zondag 20 november 2011

Thomas Dermody, Ierland (1775-1802)

Thomas Dermody werd geboren op 15 januari 1775 te Ennis, Ierland als zoon van een onderwijzer. Dermody kon goed leren en werd dan ook al snel bestempeld als een waar wonderkind, maar Thomas zelf dacht daar duidelijk anders over en vergooide zo goed als elke kans die hem werd aangeboden, waardoor er van een studie nooit veel zou komen.

Hij publiceerde twee bundels. Het eerste "Poems" verscheen reeds in 1789. De tweede bundel, eveneens "poems" genaamd, verscheen drie jaar later. Na zijn overlijden zouden deze twee werken gebundeld worden onder de titel "The Harp of Erin" 1807. Sommigen beschouwde hem als de Ierse Chatterton, maar de geschiedenis en het heden leren ons dat dat soort opmerkingen toch vaak met een korreltje zout genomen dienen te worden. In 1806 verscheen er van de hand van James Grant Raymond nog een biografie over Dermody.

In 1792 vertrok hij naar het continent om als Luitenant tweede klas ten strijde te trekken. Weinig is er over deze periode bekend. Hij kwam uiteindelijk in Londen terecht, alwaar hij in 1802 in volslagen armoede en lijdend aan tuberculose zou komen te overlijden. Hij werd zevenentwintig jaar oud.

Dermody schreef tevens onder verschillende pseudoniemen, waaronder Mauritius Moonshine, en Marmaduke Myrtle.


Thou sportive Maid, who wont with beaming eye,
To mark the first, faint purple of the sky,
When Morn, her dewy show'r of fragrance flung,
To mark the first, faint purple of the sky,
When Morn, her dewy show'r of fragrance flung,
And waked on every spray the tuneful throng,
Or 'tranced in pensive Pleasure's fairy dream,
Beside some stilly Lake's caerulean stream,
Watch'd the pale Queen of Eve her shades renew,
And bid the lingering Sun a last adieu!
While the dim copse rung sullen, to each sound,
And Silence hush'd the languid scene around,
Save, when the tender pause was rudely broke,
By the tir'd oxen's loosely-tinkling yoke,
Or busy mill, or soft pipe's plaintive tune,
Or watch-dog baying the affrighted moon.
Once more, oh deign, my artless song to guide,
My genuine pleasure, my delightful pride!
Once more thy gentle charms o'er pain diffuse,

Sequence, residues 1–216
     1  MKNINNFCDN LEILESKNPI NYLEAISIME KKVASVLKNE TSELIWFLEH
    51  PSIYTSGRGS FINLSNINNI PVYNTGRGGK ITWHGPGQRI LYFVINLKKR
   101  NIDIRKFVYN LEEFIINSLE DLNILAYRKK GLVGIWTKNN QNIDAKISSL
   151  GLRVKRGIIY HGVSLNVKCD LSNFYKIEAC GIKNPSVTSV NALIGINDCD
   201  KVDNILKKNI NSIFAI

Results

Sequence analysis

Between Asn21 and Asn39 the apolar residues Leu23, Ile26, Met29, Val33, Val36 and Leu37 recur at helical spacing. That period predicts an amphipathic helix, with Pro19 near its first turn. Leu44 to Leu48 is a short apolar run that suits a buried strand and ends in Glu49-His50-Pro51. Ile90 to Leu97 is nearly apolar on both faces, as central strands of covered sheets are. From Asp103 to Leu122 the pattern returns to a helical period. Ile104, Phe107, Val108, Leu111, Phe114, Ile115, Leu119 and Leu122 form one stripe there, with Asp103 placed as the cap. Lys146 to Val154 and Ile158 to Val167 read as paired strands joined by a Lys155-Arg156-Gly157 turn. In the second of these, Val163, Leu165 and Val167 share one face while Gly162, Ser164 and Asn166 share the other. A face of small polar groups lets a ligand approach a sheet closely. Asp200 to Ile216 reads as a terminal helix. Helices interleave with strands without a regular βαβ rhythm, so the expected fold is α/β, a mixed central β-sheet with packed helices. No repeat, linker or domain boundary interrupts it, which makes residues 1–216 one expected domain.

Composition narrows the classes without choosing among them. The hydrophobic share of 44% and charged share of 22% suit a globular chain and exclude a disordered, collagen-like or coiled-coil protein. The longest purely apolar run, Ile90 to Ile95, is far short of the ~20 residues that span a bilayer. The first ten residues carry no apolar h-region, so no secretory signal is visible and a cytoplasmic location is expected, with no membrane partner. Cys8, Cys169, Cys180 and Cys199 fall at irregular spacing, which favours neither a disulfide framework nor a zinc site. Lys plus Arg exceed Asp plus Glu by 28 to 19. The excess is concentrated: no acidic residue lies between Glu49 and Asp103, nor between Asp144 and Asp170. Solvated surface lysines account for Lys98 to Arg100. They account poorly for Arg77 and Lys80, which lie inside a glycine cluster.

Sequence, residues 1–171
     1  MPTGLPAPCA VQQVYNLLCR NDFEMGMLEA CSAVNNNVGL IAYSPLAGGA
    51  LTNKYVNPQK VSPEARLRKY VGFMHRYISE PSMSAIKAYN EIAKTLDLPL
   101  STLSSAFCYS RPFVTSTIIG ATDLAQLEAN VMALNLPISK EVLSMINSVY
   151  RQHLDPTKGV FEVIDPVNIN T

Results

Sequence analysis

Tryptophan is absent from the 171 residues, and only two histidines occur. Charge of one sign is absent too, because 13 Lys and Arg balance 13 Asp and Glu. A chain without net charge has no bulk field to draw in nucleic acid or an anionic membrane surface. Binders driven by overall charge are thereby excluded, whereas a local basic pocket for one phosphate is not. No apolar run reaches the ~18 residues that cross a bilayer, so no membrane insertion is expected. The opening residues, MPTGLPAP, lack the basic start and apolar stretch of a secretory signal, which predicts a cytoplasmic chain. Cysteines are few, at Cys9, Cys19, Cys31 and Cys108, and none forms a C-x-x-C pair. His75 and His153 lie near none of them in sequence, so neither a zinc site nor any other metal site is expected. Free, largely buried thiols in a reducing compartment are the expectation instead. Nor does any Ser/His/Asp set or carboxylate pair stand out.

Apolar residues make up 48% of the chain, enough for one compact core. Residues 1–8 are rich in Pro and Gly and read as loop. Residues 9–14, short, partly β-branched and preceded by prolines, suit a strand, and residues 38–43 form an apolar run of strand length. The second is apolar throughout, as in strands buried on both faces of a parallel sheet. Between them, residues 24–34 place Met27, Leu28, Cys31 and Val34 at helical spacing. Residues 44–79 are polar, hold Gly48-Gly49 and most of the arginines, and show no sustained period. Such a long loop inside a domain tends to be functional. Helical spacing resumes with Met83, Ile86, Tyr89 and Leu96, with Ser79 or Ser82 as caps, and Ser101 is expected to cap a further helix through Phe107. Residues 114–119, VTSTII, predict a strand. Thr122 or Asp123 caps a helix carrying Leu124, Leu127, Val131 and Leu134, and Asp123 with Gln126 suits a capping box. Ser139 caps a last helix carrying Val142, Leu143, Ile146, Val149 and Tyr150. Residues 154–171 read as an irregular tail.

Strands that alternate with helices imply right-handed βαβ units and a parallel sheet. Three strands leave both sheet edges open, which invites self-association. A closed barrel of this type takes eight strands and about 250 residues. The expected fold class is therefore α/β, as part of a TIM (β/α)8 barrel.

And let me boast, (fond wretch!) at least — THE MUSE.

Ye sages, say, why in the blooming brain
Past joys renew, or sorrows thrill again?
Say, why the faded thoughts distinctly move,
And cull the floating seeds of Friendship or of Love?
In vain, tumultuous billows, howling roll,
And burn, or freeze, beneath each savage pole;
In vain, rough Alps their horrid brows extend,
To hide the darling maid or faithful friend:
IDEA bodies forth the airy form,
And Fancy triumphs o'er Destruction's storm;
Her brilliant pencil paints Cleora's cheek,
Her radiant ringlets, and her dimples sleek;
So true, the youth appears completely blest,
And clasps the beauteous phantom to his breast,
A momentary joy ev'n dreams impart,
And empty nothings captivate the heart:
Such the frail transport Memory bestows,
When Time hath wean'd us from our bitterest woes,
Her tender touch then softens every shade,
Not glaringly unveil'd, nor dismally decay'd.

Ah! I remember well yon shelter'd glade,
Where careless o'er the flowering turf I play'd,
With brother babes the antic revel framed,
Famed for my shrewdness, for my humor famed;
Each sport from childhood, up to ripening age,
Is now enroll'd on MEMORY's filmy page;
Each sweet idea rushes on my mind,
Extractedly sincere, and feelingly refin'd.

How oft, where yonder sign-board, simply gay,
Flaunts on its creaking hinge athwart the way;
When all the windows shone in burnish'd blaze,
Struck by the Lord of Splendor's ruddiest rays,
And rose-lip'd Health the mantling tankard crown'd,
To pledge the smiling family around,
While Wit and quaint-ey'd Jest, and motley Mirth,
Graced the clean circus of the ev'ning hearth;
And ancient Wisdom (droll in days of yore,)
Rehearsed such deeds, — as shall be done no more.

Yon cottage, once, full op'd the cheerful door,
From bailiff crowds, and wicked duns secure,
Which now the surly Squire, relentless fiend!
Bids his inhuman slaves of slaughter rend,
To give some flattering profligate a place,
To virtue lost, to pity, and to grace.
See now, ev'n now, the anguish'd mother weep,
(Her husband long enjoys eternal sleep,)
Her pallid children, sobbing, hang around,
And start (sweet cherubs!) at the landlord's sound.
Fell landlord! who could see their infant tears,
Could see, and yet refuse to soothe their fears:
To Heav'n alone, the sad assembly look,
Or seek for peace in Heav'n's immortal book.

Yes, I remember well the church-yard road,
Where yew-trees mark'd the Curate's snug abode;
But chief the Clerk my pliant soul retains,
His ale-house catches, his shrill Sunday strains;
His midnight hist'ries, that would bid me quake,
Of Cromwell dauntless, and heroic Blake;
Of Greece and Tartary, of noblest Rome,
Of Raleigh, and tobacco's bland perfume,
Of ancient Paradise, of modern Hell,—
Yes, I remember all his annals, well,
Full well! — my bosom vibrates to the thought,
For if he flogg'd severe, was his the fault?